So I dragged my sorry bum out of bed early on Friday morning. Shortly after my boyfriend left for work at 7.30am early. It was horrific, thank you for asking.
The reason I inflicted this torture upon myself was that I decided to apply for welfare. Not even decided really. Was told. I was told, by my parents, that I should do so. And I read about it. And I groaned a lot – mostly because I couldn’t apply online – and then I agreed.
So I got up at 7.45am and eventually made my way down to Centrelink to be told I didn’t have enough forms of identity but that I should start the application on the computers there anyway and then return with the correct amount of forms of identity. As a result I am now trying to summon the courage to ask my former employer for a separation certificate and then I’ll hopefully, by the grace of our government, be on my way to actually receiving money.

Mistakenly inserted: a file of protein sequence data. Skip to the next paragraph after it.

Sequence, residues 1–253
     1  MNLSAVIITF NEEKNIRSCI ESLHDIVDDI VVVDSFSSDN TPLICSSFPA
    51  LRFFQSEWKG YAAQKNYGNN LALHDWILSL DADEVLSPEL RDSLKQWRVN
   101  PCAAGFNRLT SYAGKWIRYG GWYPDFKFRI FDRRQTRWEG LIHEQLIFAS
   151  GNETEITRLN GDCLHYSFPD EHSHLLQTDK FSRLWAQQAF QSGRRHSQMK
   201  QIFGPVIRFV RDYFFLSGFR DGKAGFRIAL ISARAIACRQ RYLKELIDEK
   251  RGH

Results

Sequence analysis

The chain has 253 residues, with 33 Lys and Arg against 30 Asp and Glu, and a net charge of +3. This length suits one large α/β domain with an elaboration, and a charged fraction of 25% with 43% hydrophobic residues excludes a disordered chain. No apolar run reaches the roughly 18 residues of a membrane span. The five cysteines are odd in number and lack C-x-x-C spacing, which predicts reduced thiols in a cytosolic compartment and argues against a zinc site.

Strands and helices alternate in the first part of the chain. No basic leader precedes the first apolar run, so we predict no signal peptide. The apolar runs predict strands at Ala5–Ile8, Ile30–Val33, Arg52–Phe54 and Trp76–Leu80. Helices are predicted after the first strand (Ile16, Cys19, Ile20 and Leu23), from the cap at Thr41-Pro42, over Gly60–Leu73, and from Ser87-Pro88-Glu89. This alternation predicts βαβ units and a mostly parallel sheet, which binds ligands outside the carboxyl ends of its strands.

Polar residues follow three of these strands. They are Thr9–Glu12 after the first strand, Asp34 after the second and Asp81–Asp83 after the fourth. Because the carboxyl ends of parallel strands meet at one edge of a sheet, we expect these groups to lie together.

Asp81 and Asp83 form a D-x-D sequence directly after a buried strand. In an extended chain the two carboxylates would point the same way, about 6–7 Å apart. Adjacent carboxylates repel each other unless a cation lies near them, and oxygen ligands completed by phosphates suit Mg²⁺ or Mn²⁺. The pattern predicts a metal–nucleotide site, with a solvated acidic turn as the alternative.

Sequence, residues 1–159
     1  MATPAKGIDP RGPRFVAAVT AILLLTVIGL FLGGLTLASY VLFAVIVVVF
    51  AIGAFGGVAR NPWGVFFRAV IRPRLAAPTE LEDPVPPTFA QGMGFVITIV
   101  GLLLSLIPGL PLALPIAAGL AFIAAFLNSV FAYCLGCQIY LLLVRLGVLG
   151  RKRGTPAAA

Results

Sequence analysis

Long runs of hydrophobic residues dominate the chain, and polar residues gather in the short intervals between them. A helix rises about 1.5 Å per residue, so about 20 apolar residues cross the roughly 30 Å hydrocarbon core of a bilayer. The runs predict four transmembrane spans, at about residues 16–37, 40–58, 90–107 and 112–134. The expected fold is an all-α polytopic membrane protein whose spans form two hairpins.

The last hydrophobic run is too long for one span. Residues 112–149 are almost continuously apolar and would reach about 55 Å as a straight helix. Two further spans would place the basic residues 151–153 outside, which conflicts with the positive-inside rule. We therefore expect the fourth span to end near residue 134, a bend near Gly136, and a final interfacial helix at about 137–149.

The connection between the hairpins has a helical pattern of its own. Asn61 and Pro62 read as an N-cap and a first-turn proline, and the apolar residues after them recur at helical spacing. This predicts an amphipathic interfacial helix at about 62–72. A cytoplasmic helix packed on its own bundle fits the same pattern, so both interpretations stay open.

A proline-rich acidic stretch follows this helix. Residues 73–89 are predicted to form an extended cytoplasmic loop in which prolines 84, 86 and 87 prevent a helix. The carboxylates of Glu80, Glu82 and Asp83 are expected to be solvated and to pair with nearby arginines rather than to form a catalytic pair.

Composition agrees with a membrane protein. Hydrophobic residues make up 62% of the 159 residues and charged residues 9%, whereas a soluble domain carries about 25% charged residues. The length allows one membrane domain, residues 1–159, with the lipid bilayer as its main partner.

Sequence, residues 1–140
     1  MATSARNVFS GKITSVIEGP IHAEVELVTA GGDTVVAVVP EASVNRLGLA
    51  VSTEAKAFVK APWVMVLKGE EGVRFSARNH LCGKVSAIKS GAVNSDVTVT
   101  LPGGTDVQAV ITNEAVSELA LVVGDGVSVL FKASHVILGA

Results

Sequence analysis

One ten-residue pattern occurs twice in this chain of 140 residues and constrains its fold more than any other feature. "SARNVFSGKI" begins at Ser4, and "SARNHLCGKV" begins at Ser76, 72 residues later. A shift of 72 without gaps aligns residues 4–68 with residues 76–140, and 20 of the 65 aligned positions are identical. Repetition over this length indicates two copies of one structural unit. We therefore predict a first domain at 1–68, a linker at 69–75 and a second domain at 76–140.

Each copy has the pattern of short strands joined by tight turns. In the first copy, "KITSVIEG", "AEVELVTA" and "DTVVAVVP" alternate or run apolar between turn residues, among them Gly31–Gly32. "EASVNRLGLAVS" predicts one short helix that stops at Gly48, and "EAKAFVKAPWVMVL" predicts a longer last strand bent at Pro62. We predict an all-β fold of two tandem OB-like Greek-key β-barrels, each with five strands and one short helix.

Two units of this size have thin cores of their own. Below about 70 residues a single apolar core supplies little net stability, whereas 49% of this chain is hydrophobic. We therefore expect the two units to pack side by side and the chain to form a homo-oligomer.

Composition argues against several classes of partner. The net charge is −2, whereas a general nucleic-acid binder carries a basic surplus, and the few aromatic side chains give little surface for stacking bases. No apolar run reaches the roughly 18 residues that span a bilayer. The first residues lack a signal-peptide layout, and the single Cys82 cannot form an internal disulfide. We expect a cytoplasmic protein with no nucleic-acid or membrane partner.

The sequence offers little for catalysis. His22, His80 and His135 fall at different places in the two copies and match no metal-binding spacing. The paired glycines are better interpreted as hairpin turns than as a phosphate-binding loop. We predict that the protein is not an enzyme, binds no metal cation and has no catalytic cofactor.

And this is all well and good, except I feel so weird about it. There’s a lot of ~stigma~ about welfare recipients in Australia. Everyone makes jokes about ‘dole bludgers’. The stock standard image of a young person being “on the dole” is a layabout who refuses to work.
It doesn’t matter that this political narrative has been proven untrue time and time again, it sticks. It’s become a part of the cultural narrative, it’s the probably the nation’s only acceptable running joke. Because needing help is offensive to rich, white men and preventing people from living an acceptable life seems to win votes election after election.
So I feel a great deal of trepidation and almost shame about my situation. Even though I have applied for work and trawl various classifieds and websites every day. Even though I have plans to return to school. Even though I have worked under extreme mental (and sometimes physical) duress and continued until the bitter end. Even though there are approximately 800,000 people vying for approximately 160,000 jobs in this country.
Despite all of this, I have been conditioned to feel shame in my hour of need. As if I don’t already live with enough shame and guilt (thank you BPD) every single day.
Sometimes it’s difficult to choose to willingly live, when this is what you’re working with.